In my work as a postpartum nurse, it was awe-inspiring to see the nearly universal obsession parents have with feeding their babies. There is a strong instinctual drive to bring baby to breast after birth. But for many, along with this strong desire to breastfeed comes uncertainties. Are these few drops of colostrum enough for my baby? How soon will my milk come in? How do I know if the baby is getting enough to eat? Even when things are going well, it is not uncommon for parents to be concerned about low milk supply.
Is my baby getting enough milk while breastfeeding?
Breastfeeding is hard to quantify. There is variety in how babies feed. Some newborns will feed frequently, and others less often, usually 8 to 12 times per 24 hours. Feedings can last anywhere from 10 to 45 minutes. Some babies are fussy, and some are sleepy. Babies may feed continuously, or feed more slowly, with pauses and breaks. Milk requirements also vary according to the size, age, and energy expenditure of the baby.
The only real proof that baby getting enough to eat is a normal pattern of weight gain. Babies typically lose up to 7% of their birth weight in the first few days after birth. When milk volume increases around day 2 to 5, babies should begin to gain 2/3 to 1 ounce per day, regaining their birth weight by two weeks of age. Babies who do not gain weight as expected must be followed closely by their doctor, and mother should be referred to an International Board Certified Lactation Consultant (IBCLC).
Treating low milk supply with an IBCLC
If milk supply is truly low, the first step is to feed the baby. An IBCLC can help you find ways give your baby supplemental feedings without interfering with breastfeeding. An IBCLC will also help you increase your milk supply by suggesting ways to nurse more effectively, such as improving the latch. If baby is not able to latch well due to prematurity, anatomical issues, or some other reason, your IBCLC may suggest pumping after nursing sessions. Regular removal of milk from the breast signals your body to increase milk production.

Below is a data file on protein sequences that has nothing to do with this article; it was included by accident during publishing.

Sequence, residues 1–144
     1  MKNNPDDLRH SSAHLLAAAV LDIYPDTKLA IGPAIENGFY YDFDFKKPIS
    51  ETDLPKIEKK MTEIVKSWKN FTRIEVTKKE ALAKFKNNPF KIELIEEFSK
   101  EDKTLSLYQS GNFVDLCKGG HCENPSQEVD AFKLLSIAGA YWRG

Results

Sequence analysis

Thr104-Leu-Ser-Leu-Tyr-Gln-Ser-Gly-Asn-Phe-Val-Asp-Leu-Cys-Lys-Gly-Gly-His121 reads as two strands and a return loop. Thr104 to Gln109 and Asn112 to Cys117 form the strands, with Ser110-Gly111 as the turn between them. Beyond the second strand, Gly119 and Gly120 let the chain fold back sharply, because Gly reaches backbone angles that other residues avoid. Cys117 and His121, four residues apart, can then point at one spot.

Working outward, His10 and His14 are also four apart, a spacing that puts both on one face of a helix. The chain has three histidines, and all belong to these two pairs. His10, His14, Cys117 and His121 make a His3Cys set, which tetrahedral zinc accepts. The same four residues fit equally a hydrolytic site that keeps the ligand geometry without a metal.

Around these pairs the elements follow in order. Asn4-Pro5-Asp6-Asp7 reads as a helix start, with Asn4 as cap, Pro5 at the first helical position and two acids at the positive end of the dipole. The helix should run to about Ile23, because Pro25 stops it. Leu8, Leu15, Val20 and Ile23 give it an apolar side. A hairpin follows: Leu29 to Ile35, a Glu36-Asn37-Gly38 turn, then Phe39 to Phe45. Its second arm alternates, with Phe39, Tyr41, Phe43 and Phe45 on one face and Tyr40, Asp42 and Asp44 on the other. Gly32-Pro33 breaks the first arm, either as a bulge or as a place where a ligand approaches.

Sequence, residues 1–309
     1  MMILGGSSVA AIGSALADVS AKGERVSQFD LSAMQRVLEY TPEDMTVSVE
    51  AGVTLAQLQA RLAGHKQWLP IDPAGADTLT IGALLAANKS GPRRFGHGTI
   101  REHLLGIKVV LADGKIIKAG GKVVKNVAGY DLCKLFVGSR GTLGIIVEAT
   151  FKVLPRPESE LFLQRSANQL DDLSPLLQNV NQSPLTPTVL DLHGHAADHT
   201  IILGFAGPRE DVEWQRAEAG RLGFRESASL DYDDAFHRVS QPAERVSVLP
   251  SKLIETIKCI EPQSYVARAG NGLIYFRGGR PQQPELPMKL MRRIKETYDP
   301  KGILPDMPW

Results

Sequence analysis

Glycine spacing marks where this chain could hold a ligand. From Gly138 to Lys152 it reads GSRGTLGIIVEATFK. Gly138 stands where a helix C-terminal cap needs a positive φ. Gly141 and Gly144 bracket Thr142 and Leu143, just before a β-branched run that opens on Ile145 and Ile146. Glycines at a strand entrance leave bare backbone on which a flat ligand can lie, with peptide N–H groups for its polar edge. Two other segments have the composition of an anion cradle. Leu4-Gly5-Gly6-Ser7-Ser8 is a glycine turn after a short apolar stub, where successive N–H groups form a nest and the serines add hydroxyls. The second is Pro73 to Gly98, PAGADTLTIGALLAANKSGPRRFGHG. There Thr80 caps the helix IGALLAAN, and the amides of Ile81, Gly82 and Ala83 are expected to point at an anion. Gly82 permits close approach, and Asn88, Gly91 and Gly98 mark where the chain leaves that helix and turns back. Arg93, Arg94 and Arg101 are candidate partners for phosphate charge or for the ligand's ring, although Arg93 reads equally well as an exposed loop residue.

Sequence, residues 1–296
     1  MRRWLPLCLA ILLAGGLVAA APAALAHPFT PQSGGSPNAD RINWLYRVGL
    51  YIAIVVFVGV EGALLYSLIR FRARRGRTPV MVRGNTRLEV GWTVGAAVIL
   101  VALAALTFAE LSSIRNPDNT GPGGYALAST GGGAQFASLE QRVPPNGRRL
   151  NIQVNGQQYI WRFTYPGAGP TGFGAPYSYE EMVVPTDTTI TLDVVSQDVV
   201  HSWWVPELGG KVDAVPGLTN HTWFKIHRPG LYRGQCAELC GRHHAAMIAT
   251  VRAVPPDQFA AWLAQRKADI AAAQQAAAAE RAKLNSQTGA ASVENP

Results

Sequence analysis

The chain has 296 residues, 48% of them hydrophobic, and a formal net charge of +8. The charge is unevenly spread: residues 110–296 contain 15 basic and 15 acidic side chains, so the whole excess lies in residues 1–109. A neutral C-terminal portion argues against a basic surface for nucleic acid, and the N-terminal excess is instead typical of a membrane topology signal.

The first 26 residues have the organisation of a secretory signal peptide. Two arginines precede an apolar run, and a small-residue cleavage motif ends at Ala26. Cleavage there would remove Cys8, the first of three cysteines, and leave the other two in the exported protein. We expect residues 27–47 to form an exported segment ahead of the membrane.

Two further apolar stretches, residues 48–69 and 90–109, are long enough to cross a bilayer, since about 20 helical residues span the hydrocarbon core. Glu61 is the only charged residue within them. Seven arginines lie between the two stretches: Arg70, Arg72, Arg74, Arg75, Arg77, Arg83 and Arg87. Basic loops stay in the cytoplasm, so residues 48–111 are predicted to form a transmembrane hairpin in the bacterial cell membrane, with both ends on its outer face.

Rarely, even with frequent feedings and/or pumping, mothers may struggle with low milk supply. In this case, the first step, with the help of an IBCLC and your medical care provider, is finding out the cause. Sometimes, an IBCLC may refer you to your doctor or midwife for hormonal or other lab tests. If the cause of the low milk supply is unknown, or cannot be modified (for example, breast reduction surgery), your IBCLC may suggest consulting your doctor or midwife about the use of galactagogues. These are herbs or medications that increase milk supply. Galactagogues vary in effectiveness from person to person, and work best when combined with frequent milk removal.
Breastfeeding experts guess that about 1 to 5% of mothers, despite their best efforts, are physically unable to produce a full supply of breast milk. But a low milk supply is not the same as no milk supply! Even a mother who cannot breastfeed exclusively can enjoy a satisfying breastfeeding relationship with her baby. What’s more, babies benefit from any amount of breast milk they receive. If you have concerns about milk supply, do yourself and your baby a favor and contact an IBCLC. You’ll be glad you did.